Caitlin Press & Dagger Editions

Qualicum Beach
3375 Ponderosa Way

Visit Website

Caitlin Press was established in 1977 by Carolyn Zonailo as a feminist literary press. In the 1980s, Caitlin Press expanded its mandate to that of a BC literary press.

Cynthia Wilson and the late Ken Carling bought Caitlin Press in 1991 and moved the business to Prince George, quickly establishing themselves as the trade publisher of the Central Interior of British Columbia. During her fourteen years as publisher of Caitlin Press, Cynthia Wilson also stayed true to Zonailo’s original mandate, supporting and publishing a wide variety of BC women’s literature.

In March 2008, Vici Johnstone of Halfmoon Bay purchased the press. Under her direction, Caitlin Press continues to publish books that reflect the diverse cultures, histories and concerns of BC, bridging the gap between the urban and the rural. Caitlin also remains committed to its feminist origins by publishing bold works by and about BC women for a local and national readership. In 2015, Vici Johnstone and Caitlin Press received the Jim Douglas Award from the Association of Book Publishers of British Columbia.

In 2016, Caitlin Press launched Dagger Editions, publishing literary fiction, non-fiction and poetry by and about queer women (those who identify as queer women, including trans women or trans men, or anyone who includes this in their personal history).

Caitlin Press publishes culturally significant books, including fiction, non-fiction (both historical and creative), and poetry. Occasionally we will produce a children’s or young adult title.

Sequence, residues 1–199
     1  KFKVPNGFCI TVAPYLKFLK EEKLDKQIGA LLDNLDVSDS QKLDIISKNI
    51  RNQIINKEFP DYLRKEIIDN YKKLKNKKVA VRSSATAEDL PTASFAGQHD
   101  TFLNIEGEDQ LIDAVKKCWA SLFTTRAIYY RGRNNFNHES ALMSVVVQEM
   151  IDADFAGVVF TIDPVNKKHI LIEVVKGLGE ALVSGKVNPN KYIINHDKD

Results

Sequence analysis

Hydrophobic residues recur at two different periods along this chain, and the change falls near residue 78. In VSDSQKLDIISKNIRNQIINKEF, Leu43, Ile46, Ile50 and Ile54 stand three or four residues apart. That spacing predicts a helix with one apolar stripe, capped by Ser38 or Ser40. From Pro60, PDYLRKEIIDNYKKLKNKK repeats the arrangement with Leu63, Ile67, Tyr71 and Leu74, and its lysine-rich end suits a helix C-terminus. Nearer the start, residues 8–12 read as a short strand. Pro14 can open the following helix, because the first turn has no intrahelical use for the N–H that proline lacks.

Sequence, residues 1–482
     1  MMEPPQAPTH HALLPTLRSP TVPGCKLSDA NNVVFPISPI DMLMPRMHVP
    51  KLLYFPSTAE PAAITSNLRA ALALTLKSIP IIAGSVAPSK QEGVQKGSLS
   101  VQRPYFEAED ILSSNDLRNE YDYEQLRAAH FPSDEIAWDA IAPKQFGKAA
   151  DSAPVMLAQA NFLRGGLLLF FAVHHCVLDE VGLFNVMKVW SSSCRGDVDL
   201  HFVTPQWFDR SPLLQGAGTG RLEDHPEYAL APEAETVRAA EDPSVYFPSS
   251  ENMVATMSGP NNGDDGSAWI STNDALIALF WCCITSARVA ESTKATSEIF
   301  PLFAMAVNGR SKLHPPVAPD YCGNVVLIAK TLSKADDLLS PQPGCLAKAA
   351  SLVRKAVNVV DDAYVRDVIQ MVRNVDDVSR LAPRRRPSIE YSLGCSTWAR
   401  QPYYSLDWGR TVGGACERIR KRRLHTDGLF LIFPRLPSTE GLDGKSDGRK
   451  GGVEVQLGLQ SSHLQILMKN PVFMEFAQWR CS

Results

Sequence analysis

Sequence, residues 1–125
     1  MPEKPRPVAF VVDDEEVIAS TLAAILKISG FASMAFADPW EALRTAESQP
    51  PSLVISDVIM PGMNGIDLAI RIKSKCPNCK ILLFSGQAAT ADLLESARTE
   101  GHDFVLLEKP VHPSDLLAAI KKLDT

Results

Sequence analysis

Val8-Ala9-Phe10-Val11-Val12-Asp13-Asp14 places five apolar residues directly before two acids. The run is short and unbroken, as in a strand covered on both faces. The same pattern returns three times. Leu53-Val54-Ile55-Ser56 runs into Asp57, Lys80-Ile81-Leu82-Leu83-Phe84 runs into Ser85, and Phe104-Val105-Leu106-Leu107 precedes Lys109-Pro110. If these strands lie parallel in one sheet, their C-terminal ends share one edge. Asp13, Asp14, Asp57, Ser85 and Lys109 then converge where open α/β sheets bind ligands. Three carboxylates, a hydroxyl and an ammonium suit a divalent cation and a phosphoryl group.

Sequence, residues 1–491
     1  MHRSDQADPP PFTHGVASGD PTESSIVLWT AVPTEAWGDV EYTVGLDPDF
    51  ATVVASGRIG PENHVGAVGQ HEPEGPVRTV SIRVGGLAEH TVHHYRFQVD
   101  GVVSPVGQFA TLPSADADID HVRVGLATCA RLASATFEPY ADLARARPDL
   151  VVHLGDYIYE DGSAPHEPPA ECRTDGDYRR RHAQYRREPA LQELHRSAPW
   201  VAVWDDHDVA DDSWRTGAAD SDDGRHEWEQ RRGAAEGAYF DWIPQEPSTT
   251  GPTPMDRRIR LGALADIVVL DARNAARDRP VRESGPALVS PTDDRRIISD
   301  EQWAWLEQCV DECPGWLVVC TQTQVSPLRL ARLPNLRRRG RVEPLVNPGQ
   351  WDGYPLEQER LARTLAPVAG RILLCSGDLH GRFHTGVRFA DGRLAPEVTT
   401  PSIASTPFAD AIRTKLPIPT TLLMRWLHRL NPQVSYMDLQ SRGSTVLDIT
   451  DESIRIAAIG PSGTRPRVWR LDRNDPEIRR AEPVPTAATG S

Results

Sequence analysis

Caitlin Press respectfully acknowledges that it operates on the unceded traditional territory of the shíshálh Nation.

Caitlin Press Inc. acknowledges financial support from the Government of Canada through the Canada Book Fund and the Canada Council for the Arts, and from the Province of British Columbia through the British Columbia Arts Council and the Book Publisher’s Tax Credit.

Lambda finalist Andrea Routley delivers stories of queer women navigating love and life against the lush, isolated backdrop of Canada’s West Coast.

Bent Back Tongue is a raw examination of love, identity, politics, masculinity, and vulnerability. Through sharp honesty and revealing satire, Gottfriedson delves into Canadian colonialism and the religious political paradigms shaping experiences of a Secwépemc First Nations man.

A new generation of old-growth defenders and activist-poets, from kindergarten to grade twelve, express their love and respect for trees.

To top